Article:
This so parallels the Wal-Mart effect in business that it isn't funny. Dumb little stores that do dumb little things will get clobbered by Wal-Mart who will do most things smarter, cheaper and better.

You can't compete with Wal-Mart if you're cheap and boring. Why go to your local, boring grocery store when Super Wal-Mart has everything they do, only cheaper? But Whole Foods thrives because they offer what Wal-Mart's grocery doesn't: class, ambiance, wireless and yummy, gourmet food items. Have you ever taken home a meal from their hotbar? Wow!

Little churches can't even begin to compete with the talent and programs of a MegaChurch, nor should they try. So what can they offer that the MegaChurch can't?

Loud Music

On Sunday, Newspring worship leader Tom Pellerin read us an email from the old man I mentioned in the previous post, the guy who approached the stage and wanted the music turned down seconds before the service started.

He was indeed a visitor from another (presumably traditional) church in town, and the email wasn't too bad. He enjoyed the service but was just worried that the music was at a level that could damage hearing. I wrote an article about this at WorshipIdeas.

However, I think the problem here is that the typical non-musician can't always comprehend what they're hearing, especially a visitor with traditional tastes. The drums and bass are very well mixed and punchy at Newspring and this probably alarms a traditionalists, causing them to think the music is louder than it actually is simply because they can feel the low end.

In the aforementioned article I have a link to a gadget you can get at your local Radio Shack for around $50 that lets you measure the decibels in your room. It's good protection against pesky deacons and elders who are constantly harping on the sound levels.

Thursday, July 24, 2008

Instant Church 2

1470 people attended the second Sunday of NewSpring Greenville (last week the total was 1710) and I'll guess that's where attendance will hover for awhile.

A funny anecdote: as the countdown video reached zero, an old man approached the edge of the stage. Meghan, a vocalist, knelt down to see what he wanted, thinking he was a tech volunteer. Turns out he was just a random old man who thought the music was too loud and wanted it lowered.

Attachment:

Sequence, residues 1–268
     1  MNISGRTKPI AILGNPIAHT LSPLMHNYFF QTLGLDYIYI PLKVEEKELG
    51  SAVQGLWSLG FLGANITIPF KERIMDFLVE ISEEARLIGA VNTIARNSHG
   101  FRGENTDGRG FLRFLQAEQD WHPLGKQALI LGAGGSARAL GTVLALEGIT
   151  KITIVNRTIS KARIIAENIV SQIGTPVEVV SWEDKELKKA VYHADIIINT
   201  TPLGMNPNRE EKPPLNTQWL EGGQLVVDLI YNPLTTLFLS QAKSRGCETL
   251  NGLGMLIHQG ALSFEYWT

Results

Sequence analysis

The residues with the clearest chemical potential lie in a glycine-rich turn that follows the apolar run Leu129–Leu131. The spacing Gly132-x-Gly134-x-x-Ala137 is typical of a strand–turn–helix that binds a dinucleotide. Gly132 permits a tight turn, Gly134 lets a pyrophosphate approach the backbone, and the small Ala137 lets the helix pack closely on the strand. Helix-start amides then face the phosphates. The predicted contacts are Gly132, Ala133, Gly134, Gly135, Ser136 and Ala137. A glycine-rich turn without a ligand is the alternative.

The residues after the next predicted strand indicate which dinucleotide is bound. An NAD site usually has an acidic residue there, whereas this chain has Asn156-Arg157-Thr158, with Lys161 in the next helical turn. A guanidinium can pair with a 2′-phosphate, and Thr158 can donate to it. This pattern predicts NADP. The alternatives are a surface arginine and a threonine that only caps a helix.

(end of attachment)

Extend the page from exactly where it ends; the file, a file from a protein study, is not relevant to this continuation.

I find that hilarious. Some old man goes berserk over the volume (as old people tend to do - you would think old people, who typically lose their hearing with age, would appreciate louder music) and targets a background singer mere seconds before the service starts. Those tactics might work at 1st Baptist but not at NewSpring.

Before you accuse me of making fun of old people, I'm not. I'm just making fun of cranky, controlling old people. My mid 70s parents sit in the audience and think the music's fine. My dad can't get over how well the sound is mixed.

Tuesday, July 15, 2008

Instant Church

Can you imagine arriving in a town, renovating an old grocery store into a church, opening the front doors and hoping people show up? Then, what if 1700 did show up? (and several got saved on top of it!) That's exactly what happened to NewSpring Greenville last Sunday in Greenville, SC - the largest satellite church launch in the country to date.

I had the opportunity to play in the band on this historic Sunday. What a pleasure to see a church that wants to be excellent (if you read this blog you'll find this isn't the norm!) and receive God's blessing.

NewSpring Greenville is doing the video satellite thing - a live simulcast of pastor Perry Noble's sermon is beamed through the Internet from Anderson to Greenville (and also to future plants in other cities.) NewSpring Greenville has a campus pastor, youth pastor, children's director and other staff as well as a live worship band led by worship leader Tom Pellerin (of the band Overflow.)

When the technology is in place in a few weeks, the sermon broadcast will go a step further. A huge screen the length of the stage will drop after the music and an almost holographic, high definition image of Perry will be projected from Anderson. In other words, there won't be different camera angles - there will be a single, fixed camera filming Perry and this wide angle image will be projected on the wide screen in Greenville. Perry will walk across the stage in Anderson and also appear to be walking across the stage in Greenville!